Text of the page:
Cut Diabetes Risk in Half with This Vitamin

Stop and Prevent Leukemia and Other Cancers

New research shows you can cut your risk of diabetes by 51 percent. All you have to do is up your intake of a single, easy-to-get vitamin.1

Spanish researchers published their findings in the American Journal of Clinical Nutrition. They reviewed data on over 1,000 men and women around 67 years old. At the start, no one had diabetes. Five-and-a-half years later, 131 people had developed diabetes. The people who developed the disease had significantly lower levels of this vitamin at the start of the study.

They concluded that for every 100 mcg per day increase in the intake of this vitamin, people decreased their risk of diabetes by 17 percent. And the people who had the highest average intake of the vitamin had a 51 percent reduced risk.

What vitamin may cut your diabetes risk in half?

Vitamin K.

A Dutch study found similar results. Researchers followed 38,000 people.2 The subjects were between the ages of 20 and 70. At the start of the study, researchers checked levels of vitamin K. Ten years later, 918 people had developed diabetes. Like the previous study, researchers also made adjustments for risk and dietary factors. And again, an increased vitamin K intake helped prevent diabetes. Those with the highest level of vitamin K showed a 20 percent decreased risk.

But how does it work? Studies have found that high levels of vitamin K reduce insulin resistance. It also helps control glycemic status.3 Both are key factors in diabetes.

Vitamin K has proven to be a valuable nutrient for people at risk for diabetes. As well as for those with diabetes.

There are two natural forms of vitamin K – vitamin K1 and vitamin K2.

Green leafy vegetables such as kale, spinach, and Swiss chard are great sources of vitamin K1.4 You can also find vitamin K1 in cruciferous vegetables including Brussels sprouts and broccoli. Meat and eggs contain vitamin K2. But both forms of the vitamin are about equally as effective.

Your best bet is to get vitamin K through food. No supplement needed. There are no adverse effects for having higher vitamin K levels than normal. And you don’t have to worry about toxicity.

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Health Topic: Diabetes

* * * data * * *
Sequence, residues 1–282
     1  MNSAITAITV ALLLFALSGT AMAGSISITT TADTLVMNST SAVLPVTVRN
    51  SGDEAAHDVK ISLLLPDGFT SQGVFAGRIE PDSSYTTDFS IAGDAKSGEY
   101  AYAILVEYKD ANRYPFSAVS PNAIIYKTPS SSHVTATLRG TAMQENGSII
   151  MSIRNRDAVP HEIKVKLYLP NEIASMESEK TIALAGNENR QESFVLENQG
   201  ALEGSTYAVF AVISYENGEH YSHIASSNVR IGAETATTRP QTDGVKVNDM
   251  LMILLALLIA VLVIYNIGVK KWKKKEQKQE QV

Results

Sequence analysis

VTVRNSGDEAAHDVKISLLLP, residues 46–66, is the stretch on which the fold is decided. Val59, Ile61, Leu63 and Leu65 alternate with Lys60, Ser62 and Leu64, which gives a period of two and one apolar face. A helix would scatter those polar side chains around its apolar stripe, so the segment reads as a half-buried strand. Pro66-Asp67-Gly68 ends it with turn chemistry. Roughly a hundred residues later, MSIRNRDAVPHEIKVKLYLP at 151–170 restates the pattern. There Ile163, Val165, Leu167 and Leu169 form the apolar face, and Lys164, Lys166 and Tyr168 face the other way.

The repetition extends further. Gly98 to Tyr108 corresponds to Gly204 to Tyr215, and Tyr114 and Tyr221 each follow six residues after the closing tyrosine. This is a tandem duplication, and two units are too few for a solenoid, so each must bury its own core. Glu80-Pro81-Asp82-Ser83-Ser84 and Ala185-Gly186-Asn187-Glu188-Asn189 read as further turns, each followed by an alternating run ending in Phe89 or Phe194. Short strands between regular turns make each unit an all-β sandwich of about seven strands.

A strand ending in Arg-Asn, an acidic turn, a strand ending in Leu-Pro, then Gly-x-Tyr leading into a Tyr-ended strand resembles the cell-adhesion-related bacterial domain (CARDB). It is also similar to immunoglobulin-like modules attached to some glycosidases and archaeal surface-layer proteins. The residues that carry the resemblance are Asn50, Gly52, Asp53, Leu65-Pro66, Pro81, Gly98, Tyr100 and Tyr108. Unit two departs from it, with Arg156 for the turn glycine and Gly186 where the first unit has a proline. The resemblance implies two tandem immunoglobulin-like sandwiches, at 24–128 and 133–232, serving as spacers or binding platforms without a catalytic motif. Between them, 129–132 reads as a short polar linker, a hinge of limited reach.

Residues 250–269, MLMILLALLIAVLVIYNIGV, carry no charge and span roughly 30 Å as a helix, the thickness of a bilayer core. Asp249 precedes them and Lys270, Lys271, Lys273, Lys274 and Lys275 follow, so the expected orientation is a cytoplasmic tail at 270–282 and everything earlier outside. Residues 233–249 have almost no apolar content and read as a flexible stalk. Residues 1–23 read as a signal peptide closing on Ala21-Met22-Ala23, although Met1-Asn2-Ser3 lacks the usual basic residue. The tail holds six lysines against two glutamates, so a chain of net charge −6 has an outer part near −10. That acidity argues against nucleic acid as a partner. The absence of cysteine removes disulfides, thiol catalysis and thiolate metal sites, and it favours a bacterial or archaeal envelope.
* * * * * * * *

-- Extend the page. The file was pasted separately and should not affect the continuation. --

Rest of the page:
1. Gustaw Kon says:

    It is utterly childish to structure your emails like a B whodunnit. Your articles may or may not be good. But I see no reason at all why you ALWAYS go to the point of revealing the salient detail and demand we read on to see that the thing you are talking about is “vitamin Z which studies have show to stop your big toe from falling off”. You can save the “drama?” Write what you want. Start at the beginning, go to the end, then shut up. You pad and waffle. Get on with it. Tell us the advantages of a given vitamin, mineral etc. Get rid of the “this mineral can”, “that vitamin does”. Put up or shut up.
    Gustaw Kon.

  2. Anonymous says:

    Right on, I totally agree.

  3. Vincent Barnes says:

    Mr Gustaw Kon is absolutely right when he say’s that your full of marketing bull. I would like to add that you also seem to be scratching a lot of sellers backs. If you want to promote your organisation as a transparent,honest and with integrity, cut the crap!!!

    • INH Research says:

      Please understand that we operate entirely independently. We do not rely on outside advertisers. If we recommend a product from an outside source in one of our articles, it is because we have done the research and believe it can help. We do not receive any sort of compensation for mentioning products. We provide product recommendations as a courtesy to our readers—to make it easier for them to get what they need.

      INH Research Team

  4. samba says:

    hello, i also like quite a few of your articles, but am often put off by the details and sometimes even your insistance that we watch a video which may take ages to download.
    yes, get us to the gist of the matter… vitamin z is it, because…..
    backed by research at ….. i agree u often can be mistaken for a sales team.
    otherwise interesting

  5. Anonymous says:

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  6. Ok Rynerson says:

    All forms of diabetes have been treatable since insulin became available in 1921, and type 2 diabetes may be controlled with medications. Insulin and some oral medications can cause hypoglycemia (low blood sugars), which can be dangerous if severe. Both types 1 and 2 are chronic conditions that cannot be cured. Pancreas transplants have been tried with limited success in type 1 DM; gastric bypass surgery has been successful in many with morbid obesity and type 2 DM. Gestational diabetes usually resolves after delivery.-:

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